Sudanese Refugees in Chad Brace for the Toll of Impending Rainy Season

Since mid-April, more than 100,000 people have fled the violence in Sudan and sought refuge in Chad. Action Against Hunger is providing assistance in the provinces of Wadi Fira and Sila by supplying clean water, access to sanitation facilities, and essential supplies. Funding for the emergency response has been limited and the temporary shelters where families are staying are precarious. With the rainy season quickly approaching, refugees fear for their futures.

Access to clean water and safe sanitation is a major challenge for newly arrived Sudanese refugees in Chad.

“Refugees fleeing hostilities arrive mostly empty-handed, without water or food,” explains Henri-Noël Tatangang, Country Director for Action Against Hunger in Chad. “Access to clean water is a concern. During our assessments in Wadi Fira, refugees told us that private operators manage the wells and sell 20L of water for [roughly $0.21 CAD).” While 21 cents per day for water does not seem like a lot, Tatangang noted “it is an exorbitant cost for refugee households who also need to provide water for their livestock” and live on less $2.65 CAD per day.

About 5,704 refugees fled from Sudan to the Wadi Fira province and 18,773 to the Sila province in eastern Chad, according to official registration records as of late May. Action Against Hunger’s rapid response team conducted a needs assessment and distributed 500 kits of emergency supplies to families in has Wadi Fira, in partnership with the UN Refugee Agency in the refugee camps of Milé and Kounougou. The kits included a solar-powered flashlight, detergent, bleach, aluminum cups, kettles, and a reusable bag. Action Against Hunger also worked with partners to install water tanks to improve access to clean water in the settlement sites.

Action Against Hunger has installed water storage tanks and other infrastructure to help Sudanese refugees access clean water.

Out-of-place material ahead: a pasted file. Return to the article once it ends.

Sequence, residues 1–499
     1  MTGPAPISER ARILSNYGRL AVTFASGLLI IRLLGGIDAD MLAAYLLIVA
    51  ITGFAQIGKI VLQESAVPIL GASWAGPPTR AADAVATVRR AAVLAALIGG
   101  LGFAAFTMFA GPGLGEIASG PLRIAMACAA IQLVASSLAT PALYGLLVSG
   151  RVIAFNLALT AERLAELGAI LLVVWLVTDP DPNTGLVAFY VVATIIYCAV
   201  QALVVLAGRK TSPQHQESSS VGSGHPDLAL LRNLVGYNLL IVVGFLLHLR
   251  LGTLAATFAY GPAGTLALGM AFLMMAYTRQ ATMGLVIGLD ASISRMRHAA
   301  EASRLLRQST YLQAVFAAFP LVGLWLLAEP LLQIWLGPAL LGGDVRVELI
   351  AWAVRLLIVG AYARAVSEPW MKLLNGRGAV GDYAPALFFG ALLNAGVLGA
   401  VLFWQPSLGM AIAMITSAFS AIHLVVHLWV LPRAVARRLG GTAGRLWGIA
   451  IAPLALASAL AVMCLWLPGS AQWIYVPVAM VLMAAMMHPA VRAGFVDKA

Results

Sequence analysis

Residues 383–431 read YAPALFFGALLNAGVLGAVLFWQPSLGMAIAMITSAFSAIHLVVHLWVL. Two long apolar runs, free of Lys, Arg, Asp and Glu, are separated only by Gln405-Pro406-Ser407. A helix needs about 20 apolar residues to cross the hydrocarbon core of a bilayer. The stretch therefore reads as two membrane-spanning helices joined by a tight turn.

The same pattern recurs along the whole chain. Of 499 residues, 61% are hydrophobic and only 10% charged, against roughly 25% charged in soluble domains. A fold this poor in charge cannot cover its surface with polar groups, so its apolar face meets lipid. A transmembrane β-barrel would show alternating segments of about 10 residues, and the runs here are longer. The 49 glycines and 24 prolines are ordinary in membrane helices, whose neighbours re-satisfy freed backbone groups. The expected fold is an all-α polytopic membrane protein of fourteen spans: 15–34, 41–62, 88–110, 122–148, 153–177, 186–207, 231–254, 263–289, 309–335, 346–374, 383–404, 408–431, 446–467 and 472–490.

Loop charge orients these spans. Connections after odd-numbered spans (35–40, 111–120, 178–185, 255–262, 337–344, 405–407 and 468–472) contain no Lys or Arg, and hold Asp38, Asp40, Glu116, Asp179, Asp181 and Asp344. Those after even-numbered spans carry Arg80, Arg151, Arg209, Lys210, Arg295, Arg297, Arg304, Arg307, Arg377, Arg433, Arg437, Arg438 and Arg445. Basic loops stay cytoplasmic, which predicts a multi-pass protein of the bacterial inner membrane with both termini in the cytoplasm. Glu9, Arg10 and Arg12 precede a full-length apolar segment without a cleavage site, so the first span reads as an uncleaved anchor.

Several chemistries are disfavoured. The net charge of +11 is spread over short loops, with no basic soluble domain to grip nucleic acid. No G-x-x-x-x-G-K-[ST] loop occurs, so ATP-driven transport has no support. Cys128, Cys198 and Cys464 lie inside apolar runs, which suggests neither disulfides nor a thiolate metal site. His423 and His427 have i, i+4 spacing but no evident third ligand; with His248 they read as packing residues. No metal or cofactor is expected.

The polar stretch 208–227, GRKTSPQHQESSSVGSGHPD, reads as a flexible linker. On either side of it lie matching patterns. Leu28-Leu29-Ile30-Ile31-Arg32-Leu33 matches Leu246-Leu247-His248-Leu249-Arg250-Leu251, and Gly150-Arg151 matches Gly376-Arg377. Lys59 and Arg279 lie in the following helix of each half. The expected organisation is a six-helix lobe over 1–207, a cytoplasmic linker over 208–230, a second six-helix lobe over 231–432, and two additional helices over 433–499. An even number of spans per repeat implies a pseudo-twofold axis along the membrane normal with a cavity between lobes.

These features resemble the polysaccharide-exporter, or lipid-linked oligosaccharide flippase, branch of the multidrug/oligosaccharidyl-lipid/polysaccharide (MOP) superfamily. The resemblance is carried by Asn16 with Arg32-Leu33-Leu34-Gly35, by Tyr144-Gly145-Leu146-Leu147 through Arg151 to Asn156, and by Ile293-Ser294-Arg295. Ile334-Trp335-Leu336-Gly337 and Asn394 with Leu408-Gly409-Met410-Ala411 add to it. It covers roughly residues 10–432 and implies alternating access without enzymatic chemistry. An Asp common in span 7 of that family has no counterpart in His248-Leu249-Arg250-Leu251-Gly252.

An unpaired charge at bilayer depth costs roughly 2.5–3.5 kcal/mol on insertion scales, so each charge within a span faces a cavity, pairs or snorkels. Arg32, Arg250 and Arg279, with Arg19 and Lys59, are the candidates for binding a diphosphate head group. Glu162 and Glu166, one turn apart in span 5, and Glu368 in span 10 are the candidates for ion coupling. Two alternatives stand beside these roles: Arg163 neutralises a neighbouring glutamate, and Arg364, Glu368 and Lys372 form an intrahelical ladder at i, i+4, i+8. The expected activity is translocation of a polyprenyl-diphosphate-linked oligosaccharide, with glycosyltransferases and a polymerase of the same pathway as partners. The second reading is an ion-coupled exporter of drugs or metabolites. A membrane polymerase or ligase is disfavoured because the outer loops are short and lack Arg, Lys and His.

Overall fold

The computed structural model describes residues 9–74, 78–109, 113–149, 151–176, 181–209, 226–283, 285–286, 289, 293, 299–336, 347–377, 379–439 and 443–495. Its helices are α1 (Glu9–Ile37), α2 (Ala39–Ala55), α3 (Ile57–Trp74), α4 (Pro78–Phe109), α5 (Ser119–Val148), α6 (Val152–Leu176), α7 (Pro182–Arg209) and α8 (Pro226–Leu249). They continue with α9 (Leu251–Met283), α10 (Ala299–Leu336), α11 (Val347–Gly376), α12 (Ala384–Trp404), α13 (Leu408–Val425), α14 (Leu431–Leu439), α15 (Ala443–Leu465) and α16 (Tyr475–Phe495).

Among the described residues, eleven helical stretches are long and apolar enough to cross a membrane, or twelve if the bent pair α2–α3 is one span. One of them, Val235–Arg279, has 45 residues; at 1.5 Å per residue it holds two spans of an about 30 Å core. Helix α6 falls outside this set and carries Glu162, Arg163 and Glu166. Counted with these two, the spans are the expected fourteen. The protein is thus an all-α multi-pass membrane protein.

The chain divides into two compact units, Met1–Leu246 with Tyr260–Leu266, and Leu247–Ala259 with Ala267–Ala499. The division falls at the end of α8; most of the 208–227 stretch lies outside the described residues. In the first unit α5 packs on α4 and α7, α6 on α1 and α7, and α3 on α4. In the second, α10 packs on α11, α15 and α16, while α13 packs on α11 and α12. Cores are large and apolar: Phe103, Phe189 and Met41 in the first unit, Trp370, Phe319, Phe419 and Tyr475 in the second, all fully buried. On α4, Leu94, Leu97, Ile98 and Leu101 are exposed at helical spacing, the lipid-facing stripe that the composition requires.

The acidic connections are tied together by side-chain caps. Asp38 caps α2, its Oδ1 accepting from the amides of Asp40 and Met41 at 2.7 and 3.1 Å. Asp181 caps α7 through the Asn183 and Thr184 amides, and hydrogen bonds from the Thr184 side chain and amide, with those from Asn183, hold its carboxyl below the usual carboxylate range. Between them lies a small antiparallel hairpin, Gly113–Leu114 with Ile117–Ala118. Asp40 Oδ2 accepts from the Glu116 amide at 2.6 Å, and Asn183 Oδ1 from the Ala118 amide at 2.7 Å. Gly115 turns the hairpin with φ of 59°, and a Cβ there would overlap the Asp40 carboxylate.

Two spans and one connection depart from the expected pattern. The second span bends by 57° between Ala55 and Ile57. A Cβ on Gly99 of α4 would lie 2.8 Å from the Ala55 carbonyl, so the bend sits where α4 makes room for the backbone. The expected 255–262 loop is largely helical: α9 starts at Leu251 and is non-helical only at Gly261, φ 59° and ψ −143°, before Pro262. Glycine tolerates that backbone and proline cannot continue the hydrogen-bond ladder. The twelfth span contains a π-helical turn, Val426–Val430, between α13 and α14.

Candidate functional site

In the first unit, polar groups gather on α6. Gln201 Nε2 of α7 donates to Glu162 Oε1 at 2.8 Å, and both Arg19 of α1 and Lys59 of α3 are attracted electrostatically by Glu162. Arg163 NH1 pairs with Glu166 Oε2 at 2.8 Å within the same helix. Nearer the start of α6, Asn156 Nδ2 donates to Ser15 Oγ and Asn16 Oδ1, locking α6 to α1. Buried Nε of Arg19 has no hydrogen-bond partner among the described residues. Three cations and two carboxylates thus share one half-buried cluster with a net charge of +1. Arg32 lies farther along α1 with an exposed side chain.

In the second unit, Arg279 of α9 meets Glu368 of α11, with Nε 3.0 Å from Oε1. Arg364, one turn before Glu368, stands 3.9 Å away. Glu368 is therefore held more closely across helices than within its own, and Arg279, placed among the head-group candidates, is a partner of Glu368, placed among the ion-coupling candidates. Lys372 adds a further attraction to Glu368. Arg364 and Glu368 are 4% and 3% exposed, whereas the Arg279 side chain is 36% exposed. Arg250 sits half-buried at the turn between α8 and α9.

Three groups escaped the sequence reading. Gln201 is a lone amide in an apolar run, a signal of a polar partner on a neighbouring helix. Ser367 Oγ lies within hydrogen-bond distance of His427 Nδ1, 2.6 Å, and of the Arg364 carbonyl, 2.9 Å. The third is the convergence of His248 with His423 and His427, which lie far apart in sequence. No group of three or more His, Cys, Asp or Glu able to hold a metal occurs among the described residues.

In the Sila province, our teams provided three water storage tanks and we are also transporting water into the camps by horse-drawn carts. In the Ademou camp, we are repairing and rehabilitating wells and digging trenches to dispose human waste safely and prevent the spread of disease. The community has also established a weekly “cleanliness day” for the camp and living quarters using cleaning materials provided by Action Against Hunger.

The imminent arrival of the rainy season in Chad poses an imminent threat to this work. The camps, located in isolated areas, could see the outbreak of waterborne diseases and other risks from inclement weather pose, causing another crisis for refugees.

“The rainy season typically comes in July and August,” explains Tatangang. “In recent years, climate change has exacerbated catastrophic events. Last year, Chad experienced unprecedented floods, affecting nearly 600,000 people until November. In Sila, more than 79,000 people were impacted last year. The conditions are not in place for new refugees to cope.”

Action Against Hunger is helping to provide clean water to Sudanese refugees in Eastern Chad.

“Action Against Hunger teams have been able to provide an initial water, hygiene, and sanitation response to Sudanese refugees using existing funds,” says Tatangang. “But, the needs are immense. To ensure that refugees and host communities have access to basic services, donors need to mobilize and finance the humanitarian response for the 100,000 refugees already hosted by Chad and for the host populations whose access to resources has been disrupted by this massive influx of people. The rainy season is approaching, and urgent action is needed now.”

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